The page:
Trouble At Turtle Bay
The numbers for the U.N.'s new renovation project just don't add up.
1:10 PM, May 16, 2005 • By JOHN HINDERAKER
THE UNITED NATIONS has been in the news of late. As usual, most of the news is negative: evidence suggesting that one or more members of the Security Council were bribed by Saddam; an inability to deal effectively with various crises in Africa; the embarrassing presence of nations such as Iran, Syria, Libya, Zimbabwe, and Saddam's Iraq on U.N. commissions on human rights, proliferation and weapons of mass destruction; the oil for food scandal.
In the midst of these controversies, the United Nations is proceeding with plans to upgrade its Manhattan headquarters. The organization's headquarters at Turtle Bay were completed in 1950 and renovated in the 1970s. The United Nations now believes that another renovation project is necessary, and has prepared a $1.2 billion plan to carry out the work.
While the construction is underway, the organization will need to be housed elsewhere. In its original form, the U.N. plan included construction of a new, 35-story building over Robert Moses Playground, a park near Turtle Bay, at a cost of an additional $650 million. This new building was slated to be the U.N.'s home during the renovation project, and to continue in use by the organization thereafter.
It was the construction of this new building--for which approval by the New York legislature was required--that first drew public criticism of the project. Bipartisan opposition to the new building stalled legislative action in the New York Senate. With no sign that senators opposing the project would relent, Kofi Annan, on May 10, issued a statement urging the United Nations to abandon its plan for the new building, on the ground that it could not now be completed in time for its projected use as a temporary home. Instead, the United Nations will look for existing office space elsewhere in Manhattan.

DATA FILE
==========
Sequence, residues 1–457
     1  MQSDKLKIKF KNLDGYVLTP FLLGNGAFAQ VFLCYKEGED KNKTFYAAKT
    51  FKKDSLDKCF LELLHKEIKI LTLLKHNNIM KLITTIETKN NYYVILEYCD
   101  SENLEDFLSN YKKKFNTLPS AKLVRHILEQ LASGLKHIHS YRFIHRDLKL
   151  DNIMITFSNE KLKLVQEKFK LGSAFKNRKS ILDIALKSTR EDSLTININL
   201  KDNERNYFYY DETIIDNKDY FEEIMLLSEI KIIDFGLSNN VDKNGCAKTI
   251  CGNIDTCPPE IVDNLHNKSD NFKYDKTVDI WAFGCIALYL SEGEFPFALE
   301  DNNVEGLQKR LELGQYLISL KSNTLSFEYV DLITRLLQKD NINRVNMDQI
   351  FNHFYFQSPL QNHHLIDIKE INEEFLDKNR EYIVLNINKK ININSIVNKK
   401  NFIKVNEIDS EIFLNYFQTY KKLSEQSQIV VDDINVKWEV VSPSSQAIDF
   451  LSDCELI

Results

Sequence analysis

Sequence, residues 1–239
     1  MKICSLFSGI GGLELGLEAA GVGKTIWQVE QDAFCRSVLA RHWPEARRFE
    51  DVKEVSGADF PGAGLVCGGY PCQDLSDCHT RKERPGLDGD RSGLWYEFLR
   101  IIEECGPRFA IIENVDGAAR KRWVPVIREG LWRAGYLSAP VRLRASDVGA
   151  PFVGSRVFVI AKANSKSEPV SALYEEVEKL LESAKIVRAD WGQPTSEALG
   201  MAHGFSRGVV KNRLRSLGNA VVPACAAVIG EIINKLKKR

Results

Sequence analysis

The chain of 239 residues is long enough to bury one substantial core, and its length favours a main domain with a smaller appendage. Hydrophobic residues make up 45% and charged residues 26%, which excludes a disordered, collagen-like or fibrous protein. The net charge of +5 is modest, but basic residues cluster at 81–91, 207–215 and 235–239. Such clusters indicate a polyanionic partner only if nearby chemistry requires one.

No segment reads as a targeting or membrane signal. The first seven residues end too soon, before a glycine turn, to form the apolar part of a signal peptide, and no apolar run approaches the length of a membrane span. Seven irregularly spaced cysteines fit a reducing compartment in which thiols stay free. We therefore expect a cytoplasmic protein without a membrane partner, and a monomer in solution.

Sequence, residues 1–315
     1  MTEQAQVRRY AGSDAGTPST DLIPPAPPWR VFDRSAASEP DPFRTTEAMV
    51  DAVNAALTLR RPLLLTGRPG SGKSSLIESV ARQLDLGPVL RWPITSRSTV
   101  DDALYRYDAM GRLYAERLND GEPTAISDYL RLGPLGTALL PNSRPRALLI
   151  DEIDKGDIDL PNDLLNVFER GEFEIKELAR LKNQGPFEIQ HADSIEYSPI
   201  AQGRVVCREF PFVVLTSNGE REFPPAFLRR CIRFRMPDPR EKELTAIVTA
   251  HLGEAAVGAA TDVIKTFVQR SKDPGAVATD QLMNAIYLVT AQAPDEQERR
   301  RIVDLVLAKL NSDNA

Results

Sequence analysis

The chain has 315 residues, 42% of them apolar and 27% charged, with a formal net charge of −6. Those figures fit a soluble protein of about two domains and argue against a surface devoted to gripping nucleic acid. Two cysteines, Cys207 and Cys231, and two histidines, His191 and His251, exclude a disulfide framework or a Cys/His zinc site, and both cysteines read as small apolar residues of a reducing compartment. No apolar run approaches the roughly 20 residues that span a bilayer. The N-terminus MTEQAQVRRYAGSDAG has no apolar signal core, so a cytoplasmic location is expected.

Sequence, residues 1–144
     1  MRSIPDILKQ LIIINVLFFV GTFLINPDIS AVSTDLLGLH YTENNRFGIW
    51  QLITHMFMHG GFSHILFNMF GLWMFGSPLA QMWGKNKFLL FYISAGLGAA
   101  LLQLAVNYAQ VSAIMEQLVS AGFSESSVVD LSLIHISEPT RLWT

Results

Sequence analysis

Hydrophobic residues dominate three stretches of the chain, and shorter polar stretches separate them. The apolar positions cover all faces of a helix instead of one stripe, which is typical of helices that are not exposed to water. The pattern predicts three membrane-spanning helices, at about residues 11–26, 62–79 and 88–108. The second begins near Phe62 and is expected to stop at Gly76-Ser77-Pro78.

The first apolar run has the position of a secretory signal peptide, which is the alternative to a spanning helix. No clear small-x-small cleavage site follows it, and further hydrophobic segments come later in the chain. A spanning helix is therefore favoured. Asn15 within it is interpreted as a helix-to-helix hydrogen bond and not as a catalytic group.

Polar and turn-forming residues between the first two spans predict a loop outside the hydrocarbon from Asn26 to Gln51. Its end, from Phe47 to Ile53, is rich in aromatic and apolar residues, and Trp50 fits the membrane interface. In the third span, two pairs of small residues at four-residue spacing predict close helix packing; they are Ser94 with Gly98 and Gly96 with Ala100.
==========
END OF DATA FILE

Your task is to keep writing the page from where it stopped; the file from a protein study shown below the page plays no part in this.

There has been little debate over the broader issue of the renovation project itself, perhaps because so few people are aware of it. Establishment figures such as Colin Powell, Ed Koch, and Mortimer Zuckerman have been enlisted to head a committee to lobby for the project. With the notable exception of the New York Sun, however, the press has been virtually silent. This seems odd, in view of the serious questions that have been raised about the cost of the renovation.
The U.N.'s Capital Master Plan states that a total of 2,651,000 square feet will be renovated. Assuming that figure to be correct, the per square foot cost would be $452. But, as reported by the Sun, real estate experts question whether the U.N.'s facilities contain anywhere near that amount of space. According to the U.N.'s website, the organization's headquarters include four main structures, whose size has been estimated as follows:
* Secretariat Building: 39 floors and three subfloors, approximately 500,000 square feet.
* General Assembly Building: Five total floors, approximately 380 ft. by 160 ft., or 304,000 square feet.
* Conference Building: Four stories, approximately 115,000 square feet.
* Dag Hammarskjold Library: Four stories and two sublevels, 219 ft. by 84 ft., total 110,376 square feet.
If these estimates are correct, only around 1,029,000 square feet will be renovated under the U.N.'s proposal. At a total cost of $1.2 billion, the project would then weigh in at over $1,100 per square foot.
Either of these figures is regarded by local real estate developers as stunning. The New York Sun reported on February 4, 2005:
The United Nations has said its plans to renovate its headquarters at Turtle Bay will cost $1.2 billion.
That strikes Donald Trump as far too much. "The United Nations is a mess," the developer said yesterday, "and they're spending hundreds of millions of dollars unnecessarily on this project."
And he's not the only one. Several Manhattan real-estate experts told The New York Sun this week that renovating premium office space should cost a fraction, on a per-square-foot basis, of what U.N. officials expect to pay.
An executive managing director at the commercial real-estate firm Julien J. Studley Inc., Woody Heller, said a thorough renovation of an office building would probably cost between $85 and $160 per square foot.